#FirstAmendment #YouSaidWhat? Free Speech and Matters of Public Concern

by Dean Micknal

I don’t know about you, but lately it feels like some new hot button issue is hitting the airwaves on a daily, if not hourly, basis.  It also appears that many people, including those who have previously abided by the “never discuss religion or politics in public” rule, are feeling compelled to express their opinions on these issues.  The varying degrees of civility being employed, potential depletion of our nation’s hashtag supply, and the fact that some (myself included) find this heightened level of public discourse emotionally draining does not diminish the fundamental importance the right to free speech plays in our society.  Understanding how and when to respond to incidents in which a district employee or student is exercising this right is essential to avoiding a claim that the District has infringed upon the individual’s First Amendment rights.

As an initial matter, it is important to recognize that the U.S. Supreme Court has long held that students and teachers do not “shed their constitutional rights to freedom of speech or expression at the schoolhouse gate.”  However, these rights are not absolute.  Some categories of speech are simply not protected by the First Amendment.  For example, speech defined by a court as obscene, defamatory, “fighting words”, or “true threats” of violence is not protected and may be prohibited without violating the First Amendment.  That said, defining these categories is not always straightforward.  If you have any doubt as to whether an incident really involves an unprotected category of speech, please be sure to review it with legal counsel before taking action.  This is also a great way to make your school attorney feel uncomfortable at having to recite George Carlin’s “Seven Dirty Words” routine.

What about speech that doesn’t fit into one of the identified categories of non-protected speech? The short answer is “it depends.”  A summary of the longer answer is as follows…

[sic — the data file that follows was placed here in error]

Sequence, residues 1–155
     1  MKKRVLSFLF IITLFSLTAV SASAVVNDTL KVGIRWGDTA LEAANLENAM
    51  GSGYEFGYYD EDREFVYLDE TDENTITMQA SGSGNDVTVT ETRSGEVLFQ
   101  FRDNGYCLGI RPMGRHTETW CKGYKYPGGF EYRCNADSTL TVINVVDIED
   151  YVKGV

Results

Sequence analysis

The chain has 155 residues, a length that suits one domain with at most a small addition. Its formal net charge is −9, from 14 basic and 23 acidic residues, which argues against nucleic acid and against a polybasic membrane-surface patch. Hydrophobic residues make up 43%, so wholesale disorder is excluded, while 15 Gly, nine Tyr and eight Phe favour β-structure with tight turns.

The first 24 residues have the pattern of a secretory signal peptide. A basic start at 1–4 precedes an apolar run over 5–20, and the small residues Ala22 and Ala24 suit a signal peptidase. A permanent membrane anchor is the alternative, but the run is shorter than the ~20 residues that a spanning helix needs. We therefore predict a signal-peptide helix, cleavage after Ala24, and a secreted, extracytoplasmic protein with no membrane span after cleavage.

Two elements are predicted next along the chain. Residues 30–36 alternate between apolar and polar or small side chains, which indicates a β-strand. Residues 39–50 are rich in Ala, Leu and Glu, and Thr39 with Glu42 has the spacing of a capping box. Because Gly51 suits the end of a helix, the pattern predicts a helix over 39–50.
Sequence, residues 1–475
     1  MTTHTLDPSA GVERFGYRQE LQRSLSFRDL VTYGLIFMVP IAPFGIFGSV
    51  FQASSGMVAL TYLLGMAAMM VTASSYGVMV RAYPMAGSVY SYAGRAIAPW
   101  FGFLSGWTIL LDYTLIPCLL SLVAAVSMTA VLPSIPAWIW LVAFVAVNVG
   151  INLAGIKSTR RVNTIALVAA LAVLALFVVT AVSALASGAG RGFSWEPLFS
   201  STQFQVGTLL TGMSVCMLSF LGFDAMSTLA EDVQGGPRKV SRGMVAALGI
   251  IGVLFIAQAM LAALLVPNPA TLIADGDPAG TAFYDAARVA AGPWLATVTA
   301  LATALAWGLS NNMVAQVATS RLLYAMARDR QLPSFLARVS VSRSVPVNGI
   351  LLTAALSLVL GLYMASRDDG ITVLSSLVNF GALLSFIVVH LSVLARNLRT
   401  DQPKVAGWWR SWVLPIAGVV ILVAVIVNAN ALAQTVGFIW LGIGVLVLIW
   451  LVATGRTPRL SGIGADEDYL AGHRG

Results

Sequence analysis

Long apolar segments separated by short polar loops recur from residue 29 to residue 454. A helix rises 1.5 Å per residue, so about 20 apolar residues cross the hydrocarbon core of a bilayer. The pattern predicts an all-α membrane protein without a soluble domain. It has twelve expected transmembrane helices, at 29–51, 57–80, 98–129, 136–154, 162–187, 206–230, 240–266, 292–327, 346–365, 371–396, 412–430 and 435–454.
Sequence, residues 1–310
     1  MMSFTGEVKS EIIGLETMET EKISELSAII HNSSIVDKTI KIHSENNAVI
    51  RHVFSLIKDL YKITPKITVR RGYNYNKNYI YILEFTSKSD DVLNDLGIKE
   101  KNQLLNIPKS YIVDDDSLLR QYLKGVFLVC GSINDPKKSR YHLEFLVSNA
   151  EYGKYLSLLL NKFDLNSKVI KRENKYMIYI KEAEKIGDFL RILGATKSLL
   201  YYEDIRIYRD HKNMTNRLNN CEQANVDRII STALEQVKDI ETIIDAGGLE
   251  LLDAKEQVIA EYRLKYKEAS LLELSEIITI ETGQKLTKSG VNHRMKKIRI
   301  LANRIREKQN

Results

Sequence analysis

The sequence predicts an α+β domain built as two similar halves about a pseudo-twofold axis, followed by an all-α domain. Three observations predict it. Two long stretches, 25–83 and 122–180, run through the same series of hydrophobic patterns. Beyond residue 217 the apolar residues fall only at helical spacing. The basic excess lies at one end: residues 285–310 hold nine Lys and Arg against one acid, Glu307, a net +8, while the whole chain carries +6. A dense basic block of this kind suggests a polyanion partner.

If the speaker is a district employee, the speech would need to be subjected to a legal analysis known as the Garcetti-Pickering Balancing Test.  Entire law review articles have been written on the nuances of this analysis, but the basic structure involves three questions.

1.  In what role is the employee speaking?

a.  If the employee is speaking pursuant to his or her official duties, the speech is not protected and may be restricted.

b.  If the employee is speaking as a private citizen, the speech might be protected.

2.  Is the employee speaking on a matter of public concern?

a.  If “no”, the speech is not protected and may be restricted.

b.  If “yes”, the speech might be protected.

3.  Does the district’s interest “in promoting the efficiency of the public services it performs through its employees” outweigh the employee’s interests in commenting, as a citizen, upon the matter of public concern?

a.  If “no”, the speech is protected.

b.  If “yes”, the speech may be restricted.

If the speaker is a student, the analysis typically follows the jurisprudence developed in one or more of the following lines of cases:

  1. Tinker v. Des Moines ISD—allowing restrictions to speech when school officials can reasonably forecast that the speech would materially and substantially interfere with the work of the school or infringe the rights of others;
  2. Bethel School District v. Fraser—allowing schools to regulate offensively lewd and indecent speech in the school setting;
  3. Hazelwood School District v. Kuhlmeier—allowing restriction of speech that is attributable to a school-sponsored expressive activity that students, parents, and members of the public might reasonably perceive to bear the imprimatur of the school; and
  4. Morse v. Frederick—allowing restrictions to speech advocating illegal drug use or otherwise poses grave and unique threats to the physical safety of students.

The polarizing and emotionally charged nature of current events means that there is an increased likelihood that an employee or student may express an opinion that is unpopular or even offensive to some members of the community.  When this occurs, it is essential to avoid knee-jerk reactions based on disapproval with the speaker’s viewpoint.   Any First Amendment claim is likely to be highly fact-dependent and determining the speaker’s status under the law requires careful consideration to identify and then apply the appropriate analysis.  If you have any concerns as to whether an incident involves protected speech, the attorneys at Leasor Crass are ready, willing and able to help.